necessary for this argumentation to hold are
\begin{itemize}
\item $\eta$-symmetry,
\item conservation of the number of doubly occupied sites,
\item for $U=0$ the ground state energy is independent of $N_2$.
\end{itemize}
\vskip 3mm
Another interesting special case of the general Hamiltonian (\ref{gham})
is the supersymmetric Hubbard model \cite{EKSa,EKSb}. The Hamiltonian
of this model is given by
\be
{\cal H}_{sH} = {\cal H}^0
+ U \, \sum_{j=1}^L (n_{j\up}-\half)(n_{j\down}-\half)
\label{eksham}
\ee
where ${\cal H}^0=- \sumnn \, H^0_{j,l}$, and
\bea
H^0_{j,l} &=&
\cd_{l\up} c_{j\up}(1-n_{j\down}-n_{l\down})
+ \cd_{j\up} c_{l\up}(1-n_{j\down}-n_{l\down})
\nonu
&& + \cd_{l\down} c_{j\down}(1-n_{j\up}-n_{l\up})
+ \cd_{j\down} c_{l\down}(1-n_{j\up}-n_{l\up})
\nonu
&& + \half (n_j - 1)(n_l - 1)
+ \cd_{j\up} \cd_{j\down} c_{l\down} c_{l\up}
+ c_{j\down} c_{j\up} \cd_{l\up} \cd_{l\down}
\nonu
&& - \half (n_{j\up}-n_{j\down})(n_{l\up}-n_{l\down})
- \cd_{j\down} c_{j\up} \cd_{l\up} c_{l\down}
- \cd_{j\up} c_{j\down} \cd_{l\down} c_{l\up}
\nonu
&& + (n_{j\up}-\half)(n_{j\down}-\half)
+ (n_{l\up}-\half)(n_{l\down}-\half) \ .
\label{hamil0jl}
\eea
This Hamiltonian corresponds to the choice $X=t=1$, $V=-1/2$, $J_{xy} =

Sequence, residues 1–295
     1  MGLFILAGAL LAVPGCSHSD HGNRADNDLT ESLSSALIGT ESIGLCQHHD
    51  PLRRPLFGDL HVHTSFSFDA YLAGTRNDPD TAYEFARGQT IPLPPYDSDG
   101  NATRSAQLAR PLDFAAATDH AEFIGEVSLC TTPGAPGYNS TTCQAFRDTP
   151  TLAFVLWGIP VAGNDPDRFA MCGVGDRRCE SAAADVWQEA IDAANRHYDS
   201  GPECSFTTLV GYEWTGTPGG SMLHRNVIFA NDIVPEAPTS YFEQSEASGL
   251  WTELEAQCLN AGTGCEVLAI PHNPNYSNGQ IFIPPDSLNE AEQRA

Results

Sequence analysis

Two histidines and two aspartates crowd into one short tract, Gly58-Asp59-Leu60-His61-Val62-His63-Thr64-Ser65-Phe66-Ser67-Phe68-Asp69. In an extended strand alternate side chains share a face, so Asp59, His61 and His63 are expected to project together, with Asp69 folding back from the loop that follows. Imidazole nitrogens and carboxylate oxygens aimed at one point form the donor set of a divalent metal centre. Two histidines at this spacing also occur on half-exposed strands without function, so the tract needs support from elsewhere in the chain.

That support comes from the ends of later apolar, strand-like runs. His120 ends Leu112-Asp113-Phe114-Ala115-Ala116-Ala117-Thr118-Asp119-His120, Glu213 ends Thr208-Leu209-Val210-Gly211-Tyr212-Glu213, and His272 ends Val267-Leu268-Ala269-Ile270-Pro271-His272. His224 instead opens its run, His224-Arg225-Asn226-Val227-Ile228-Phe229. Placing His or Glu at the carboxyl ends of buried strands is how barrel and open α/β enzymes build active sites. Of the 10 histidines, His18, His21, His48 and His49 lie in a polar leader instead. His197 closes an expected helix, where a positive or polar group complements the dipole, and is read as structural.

J_z = 2$, $Y=-1$ and $P=Q=\mu=h=0$ in (\ref{gham}). Note that $H^0_{j,l}$
also contains a Coulomb interaction term $-Z(n_{j\up}-\half)
(n_{j\down}-\half)$. ${\cal H}^0$ commutes with $\eta$ and $\etad$ as
defined in (\ref{eta}). Actually, the model has a larger set of symmetries
that form the superalgebra $U(2|2)$ \cite{EKSa}.
%Actually it commutes with the 16 generators of the superalgebra $U(2|2)$
The ground state phase diagram has been obtained in \cite{EKSb}.
It looks very similar to fig.~\ref{Fig1}. The main difference is the
occurence of the ground state $|t-J\rangle$ of the supersymmetric
$t-J$ model \cite{tJ} that replaces $|U=\infty \rangle$ in fig.~\ref{Fig1}.
In addition, the sector I exists for all $U<0$ (in
every dimension) as can also be seen from the inequality (\ref{bound}).
A superconducting phase exist for moderate positive $U$ in all
dimensions. The additional interactions of (\ref{hamil0jl}) lift the
degeneracies encountered in the model (\ref{hhirsch}).
A more detailed discussion of the phase diagram of the supersymmetric
Hubbard model has been given in \cite{EKSb}.
\vskip 2mm
In conclusion, in this letter we have shown that $\eta$-pairs
provide a simple and clear mechanism of superconductivity.
\vskip 4mm
AS gratefully acknowledges financial support by the Deutsche
Forschungsgemeinschaft. JdB is sponsored in part by NSF grant
No.~PHY-9309888.
\vskip 5mm
\frenchspacing
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\bibitem{pairing}
C.N.~Yang, \phrl {\bf 63} (1989) 2144; \\
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\bibitem{tJ}
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and references therein
\end{references}